And with the Afghan war ending, this needs to be the year Congress lifts the remaining restrictions on detainee transfers and we close the prison at Guantanamo Bay, because we counter terrorism not just through intelligence and military action but by remaining true to our constitutional ideals and setting an example for the rest of the world…

On Middle East peace:

As we speak, American diplomacy is supporting Israelis and Palestinians as they engage in the difficult but necessary talks to end the conflict there; to achieve dignity and an independent state for Palestinians, and lasting peace and security for the state of Israel—a Jewish state that knows America will always be at their side…

On Iran:

And it is American diplomacy, backed by pressure, that has halted the progress of Iran’s nuclear program—and rolled back parts of that program—for the very first time in a decade. As we gather here tonight, Iran has begun to eliminate its stockpile of higher levels of enriched uranium. It’s not installing advanced centrifuges. Unprecedented inspections help the world verify every day that Iran is not building a bomb. And with our allies and partners, we’re engaged in negotiations to see if we can peacefully achieve a goal we all share: preventing Iran from obtaining a nuclear weapon…

These negotiations will be difficult; they may not succeed. We are clear-eyed about Iran’s support for terrorist organizations like Hezbollah, which threaten our allies; and we’re clear about the mistrust between our nations, mistrust that cannot be wished away. But these negotiations don’t rely on trust; any long-term deal we agree to must be based on verifiable action that convinces us and the international community that Iran is not building a nuclear bomb. If John F. Kennedy and Ronald Reagan could negotiate with the Soviet Union, then surely a strong and confident America can negotiate with less powerful adversaries today…

The sanctions that we put in place helped make this opportunity possible. But let me be clear: if this Congress sends me a new sanctions bill now that threatens to derail these talks, I will veto it. For the sake of our national security, we must give diplomacy a chance to succeed. If Iran’s leaders do not seize this opportunity, then I will be the first to call for more sanctions and stand ready to exercise all options to make sure Iran does not build a nuclear weapon. But if Iran’s leaders do seize the chance—and we’ll know soon enough—then Iran could take an important step to rejoin the community of nations, and we will have resolved one of the leading security challenges of our time without the risks of war…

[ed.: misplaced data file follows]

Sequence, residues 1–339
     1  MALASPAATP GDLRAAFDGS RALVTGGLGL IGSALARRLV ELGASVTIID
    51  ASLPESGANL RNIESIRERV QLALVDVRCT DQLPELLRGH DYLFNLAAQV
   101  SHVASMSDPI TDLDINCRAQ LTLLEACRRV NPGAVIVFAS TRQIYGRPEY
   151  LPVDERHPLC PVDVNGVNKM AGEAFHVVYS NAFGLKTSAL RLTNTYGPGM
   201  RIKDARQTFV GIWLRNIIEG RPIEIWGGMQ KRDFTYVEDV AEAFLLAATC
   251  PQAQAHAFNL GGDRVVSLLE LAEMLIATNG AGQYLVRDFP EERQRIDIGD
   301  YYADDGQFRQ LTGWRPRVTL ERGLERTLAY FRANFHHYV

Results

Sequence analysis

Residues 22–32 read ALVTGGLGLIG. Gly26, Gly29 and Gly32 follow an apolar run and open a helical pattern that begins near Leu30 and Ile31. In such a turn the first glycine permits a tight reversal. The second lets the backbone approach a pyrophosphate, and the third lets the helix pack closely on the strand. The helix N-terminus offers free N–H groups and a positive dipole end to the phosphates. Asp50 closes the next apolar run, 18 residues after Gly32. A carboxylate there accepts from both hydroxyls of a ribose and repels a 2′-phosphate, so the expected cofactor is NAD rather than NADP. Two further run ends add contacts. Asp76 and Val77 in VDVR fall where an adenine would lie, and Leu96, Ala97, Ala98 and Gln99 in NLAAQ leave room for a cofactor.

On America’s place in the world:

My fellow Americans, no other country in the world does what we do. On every issue, the world turns to us, not simply because of the size of our economy or our military might but because of the ideals we stand for and the burdens we bear to advance them…

On veterans:

As this time of war draws to a close, a new generation of heroes returns to civilian life. We’ll keep slashing that backlog so our veterans receive the benefits they’ve earned and our wounded warriors receive the health care—including the mental health care—that they need. We’ll keep working to help all our veterans translate their skills and leadership into jobs here at home, and we will all continue to join forces to honor and support our remarkable military families…

On global oil and gas dependence:

And here are the results of your efforts…more oil produced—more oil produced at home than we buy from the rest of the world, the first time that’s happened in nearly twenty years…

Now, one of the biggest factors in bringing more jobs back is our commitment to American energy. The “all the above” energy strategy I announced a few years ago is working, and today America is closer to energy independence than we have been in decades…

On military (and civilian defense and diplomatic) service:

And I know this chamber agrees that few Americans give more to their country than our diplomats and the men and women of the United States armed forces…

And as we reform our defense budget, we have to keep faith with our men and women in uniform and invest in the capabilities they need to succeed in future missions…

 

John Amble is the Managing Editor of War on the Rocks.  A former United States Army intelligence officer, he has been featured in print and broadcast media in the U.S. and Canada.  Follow him on Twitter @johnamble.

 

Photo credit: Roger Sayles